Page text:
Imperial Hotel and
Casino: 123 N. Third St., Cripple Creek, CO
Written by Haunted Poker for exclusive
Cripple Creek is home to many casinos that offer
limited-stakes gaming. Thousands come to Cripple Creek
to try their luck at Poker, Blackjack, and slot
machines. Others come just to take in the scenery of
this former gold-mining town. There are many mines still
dotting the landscape, some still in operation. Cripple
Creek is also home to a few hauntings.
The Imperial Hotel Casino used to be called the Collins
Hotel, in existence since the 1890’s. In 1948, the
hotel’s Gold Bar Theatre was host to an acting troupe
named the Imperial Players. This long-running melodrama
theatre was at the hotel for nearly 50 years—the longest
in United States history. In 1992, the Hotel started
operating as the Imperial Hotel Casino, adding
limited-stakes to its repertoire.
In 1993, a new employee came to the casino after twenty
years in the Air Force. He worked the graveyard shift to
fund his college education and have time for his
classes. The casino doors closed at 2 am, and he reports
that it would get quiet. Sometimes too quiet! He had
heard talk of “George”, a slot-playing ghost. The new
employee was wide-awake and looking over his shoulder
for weeks! On the one hand, he was half-way afraid, and
on the other, he was hoping for a glimpse of the
In 1992, the hotel/casino had its first encounter with
George. A security guard heard a slot machine paying out
at around 4am one night! It is mechanically impossible
for this to happen on its own. If a slot machine pays
out even one coin more than it is supposed to, the
machine will shut down. Anyway, one Saturday night, the
new employee was cleaning up downstairs. The doors had
been locked for about half an hour when he heard the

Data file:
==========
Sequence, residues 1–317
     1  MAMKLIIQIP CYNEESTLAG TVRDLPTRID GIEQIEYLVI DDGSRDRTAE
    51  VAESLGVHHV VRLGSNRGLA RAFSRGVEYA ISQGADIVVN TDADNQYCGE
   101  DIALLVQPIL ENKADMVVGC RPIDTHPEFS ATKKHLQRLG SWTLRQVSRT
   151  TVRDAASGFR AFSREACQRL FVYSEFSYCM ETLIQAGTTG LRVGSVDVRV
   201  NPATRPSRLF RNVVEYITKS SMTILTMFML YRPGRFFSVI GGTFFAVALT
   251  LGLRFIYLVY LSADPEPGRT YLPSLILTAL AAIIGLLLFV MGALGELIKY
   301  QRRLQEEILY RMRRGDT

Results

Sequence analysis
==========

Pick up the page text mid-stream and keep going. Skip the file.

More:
distinctive sound of a coin dropping in a slot machine!
Upon investigation, no one was found to be in the area.
George was at it again!
George Long - behind the bar
(partially obscured by camera flash)
The resident ghost is believed to be George Long. George
was an Englishman who controlled the hotel in 1905.
Emigrating as a young man, George had settled in Denver
and married a first cousin. He was an excellent manager
and made the Imperial Hotel one of the finest in the
Cripple Creek area. George had two daughters and a son.
The older daughter Alice suffered from a mental
disorder. (A result of marrying his first cousin
perhaps?) As Alice reached adolescence, she became
difficult to control and had to be locked up in the
apartment next to the lobby.
The Red Rooster Bar is located in that site now. It is
told that one day George went down the narrow,
treacherous stairs to the basement below the kitchen and
met up head-on with a cast-iron skillet wielded by
Alice. The former employee reports that the stairs are
covered in centuries-worth of grease tracked in from the
kitchen, and are narrow, steep, and dangerous. Whether
it’s true or not that his daughter hit him on the head,
he fell down the steps to his death.
The former employee has had an occasion where a guest
has come up to him stating she was a sensitive, and
telling him that the place was haunted. He and a
coworker decided to take her on a tour. The sensitive
got quiet as they entered the lobby. The lobby hasn’t
been changed much in 100 years and retains much of its
original Victorian charm. The sensitive felt a presence
down the stairs, and wanted to investigate. The three
went down the stairs to the theatre, and went through
the dressing rooms to the stairs that led up to the
kitchen, where George Long died. In this spot, the
sensitive revealed sensing a very angry presence.
Suffice it to say, the three explorers went back
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